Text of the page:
If you’re responsible for a training budget, odds are you’ve had quite a sobering start to 2009. Training budgets are being scrutinised carefully along with all other budgets. ASTD’s latest online survey (January 2009) of its members asked how their learning function was being affected by the current economic climate. The most common response (53% of respondents) was that they are being asked to do more with less. This month’s market update looks at reducing training expenditure, how organisations are doing more with less and the longer term impact.
It appears that some vulnerable sectors such as retail and low margin businesses are cutting training budgets, and some are cutting training completely. The ASTD survey revealed:
- 35% of organisations have reduced their training budgets
- 49% of organisations have reduced training travel costs
- 28% have moved classroom courses to online courses
- 34% have frozen recruitment in training departments
- 13% have made training staff redundant
To add to the gloom, E-Learning Guild’s latest pay report published in January 2009, also reveals that average e-learning salaries fell between 2007 and 2008.
Thus there seems little doubt that the biggest challenge for learning professionals currently is doing more for less.
Business as usual?
More for less, that’s just business. So says David Smith, managing director of talent and organisation performance at Accenture, who compares the current climate with the annual expectations in manufacturing where greater productivity is expected without increased investment in resources. However, budget cuts do not necessarily mean cuts in training, they mean that training is delivered in a more flexible way with greater use of technology. Susan Varnadoe, president of Ninth House, says the recession is accelerating a change in training delivery, whereby organisations move from site-based training to a mobile, technology-enabled classroom.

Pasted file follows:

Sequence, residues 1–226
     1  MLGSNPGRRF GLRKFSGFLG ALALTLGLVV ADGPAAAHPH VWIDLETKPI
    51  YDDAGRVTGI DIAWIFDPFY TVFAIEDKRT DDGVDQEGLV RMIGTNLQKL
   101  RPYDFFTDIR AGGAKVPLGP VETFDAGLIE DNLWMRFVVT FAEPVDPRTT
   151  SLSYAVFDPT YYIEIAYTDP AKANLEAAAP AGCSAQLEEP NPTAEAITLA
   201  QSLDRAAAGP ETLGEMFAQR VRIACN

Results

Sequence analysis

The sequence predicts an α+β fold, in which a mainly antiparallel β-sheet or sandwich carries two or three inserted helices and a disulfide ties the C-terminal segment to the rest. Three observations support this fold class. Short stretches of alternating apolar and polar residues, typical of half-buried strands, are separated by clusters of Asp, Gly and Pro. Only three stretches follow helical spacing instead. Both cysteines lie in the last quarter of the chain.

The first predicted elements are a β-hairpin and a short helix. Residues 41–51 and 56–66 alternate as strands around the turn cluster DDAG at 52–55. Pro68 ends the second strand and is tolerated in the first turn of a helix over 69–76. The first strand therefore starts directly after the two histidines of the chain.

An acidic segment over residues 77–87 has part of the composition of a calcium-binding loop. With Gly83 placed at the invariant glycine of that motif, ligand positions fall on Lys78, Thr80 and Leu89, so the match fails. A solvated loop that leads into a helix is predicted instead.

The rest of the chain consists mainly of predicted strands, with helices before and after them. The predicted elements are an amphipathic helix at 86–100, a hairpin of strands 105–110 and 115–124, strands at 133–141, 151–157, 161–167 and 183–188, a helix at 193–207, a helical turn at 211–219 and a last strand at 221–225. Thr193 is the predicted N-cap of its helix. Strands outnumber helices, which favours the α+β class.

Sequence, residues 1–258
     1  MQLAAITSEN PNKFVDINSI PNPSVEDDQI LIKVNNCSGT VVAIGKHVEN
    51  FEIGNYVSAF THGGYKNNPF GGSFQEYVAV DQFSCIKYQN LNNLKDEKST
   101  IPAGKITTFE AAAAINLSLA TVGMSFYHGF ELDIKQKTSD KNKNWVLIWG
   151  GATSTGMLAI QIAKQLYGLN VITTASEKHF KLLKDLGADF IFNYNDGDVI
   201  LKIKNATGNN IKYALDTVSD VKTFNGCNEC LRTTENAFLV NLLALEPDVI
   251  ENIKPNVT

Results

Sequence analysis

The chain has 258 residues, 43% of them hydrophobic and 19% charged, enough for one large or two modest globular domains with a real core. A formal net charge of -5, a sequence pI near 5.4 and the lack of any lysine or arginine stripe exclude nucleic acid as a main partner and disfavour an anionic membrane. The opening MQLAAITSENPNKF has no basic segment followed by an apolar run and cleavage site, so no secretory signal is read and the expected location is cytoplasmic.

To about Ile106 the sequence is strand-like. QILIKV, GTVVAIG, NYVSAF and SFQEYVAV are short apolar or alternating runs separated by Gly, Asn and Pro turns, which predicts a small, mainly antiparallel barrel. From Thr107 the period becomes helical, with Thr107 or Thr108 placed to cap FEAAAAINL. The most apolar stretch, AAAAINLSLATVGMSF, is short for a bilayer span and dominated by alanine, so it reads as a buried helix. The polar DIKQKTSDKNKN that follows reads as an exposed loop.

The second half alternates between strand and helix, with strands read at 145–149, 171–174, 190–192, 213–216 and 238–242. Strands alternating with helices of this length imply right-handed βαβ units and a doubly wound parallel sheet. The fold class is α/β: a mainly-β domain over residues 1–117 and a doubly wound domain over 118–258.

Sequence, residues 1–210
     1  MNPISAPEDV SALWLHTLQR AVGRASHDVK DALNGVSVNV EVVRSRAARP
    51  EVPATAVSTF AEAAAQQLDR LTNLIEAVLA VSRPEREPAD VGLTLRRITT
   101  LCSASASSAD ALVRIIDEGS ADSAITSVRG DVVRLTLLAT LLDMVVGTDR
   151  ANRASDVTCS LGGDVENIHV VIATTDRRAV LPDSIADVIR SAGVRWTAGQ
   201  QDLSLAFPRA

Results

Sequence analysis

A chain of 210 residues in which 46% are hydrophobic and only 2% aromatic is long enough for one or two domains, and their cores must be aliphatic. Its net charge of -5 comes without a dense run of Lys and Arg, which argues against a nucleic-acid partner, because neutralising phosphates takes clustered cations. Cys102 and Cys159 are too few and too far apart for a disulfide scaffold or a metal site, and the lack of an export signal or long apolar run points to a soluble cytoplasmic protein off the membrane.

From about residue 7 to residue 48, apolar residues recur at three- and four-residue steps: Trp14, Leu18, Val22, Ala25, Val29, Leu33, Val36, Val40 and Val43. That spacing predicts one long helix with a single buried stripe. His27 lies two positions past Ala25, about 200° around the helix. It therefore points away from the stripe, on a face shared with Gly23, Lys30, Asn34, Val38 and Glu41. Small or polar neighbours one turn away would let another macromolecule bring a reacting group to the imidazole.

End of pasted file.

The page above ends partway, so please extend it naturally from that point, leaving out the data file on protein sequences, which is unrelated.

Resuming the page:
Companies are reacting in diferent ways to reducing budgets. Some are delaying training, some are switching to e-learning, others are only delivering priority training needs and asking tough questions about the value of each and every training intervention. In some companies the priorities are training interventions that have a direct impact on generating revenue.
Reduced budgets may be here for some time. Bill Pelster, leader of Deloitte’s human capital training and development practice, believes that it usually takes two years from the time a recession hits for training budgets to return to previous levels. “Training budgets are a lagging indicator,” he says. “They come back in increments, not in one fell swoop.”
This month at Kineo we are launching a new report on More for Less, with practical advice on how learning teams can reduce costs and deliver more for less. This report examines ideas on how learning teams can deliver more for less. These include:
- Identifying learning priorities
- Developing more cost effective blends
- Reducing administration costs
- Improving fill rates
- Adopting rapid e-learning approaches
- Switching classroom training to e-learning
- Using free and open source learning software
- Effective procurement of learnin
- Outsourcing opportunities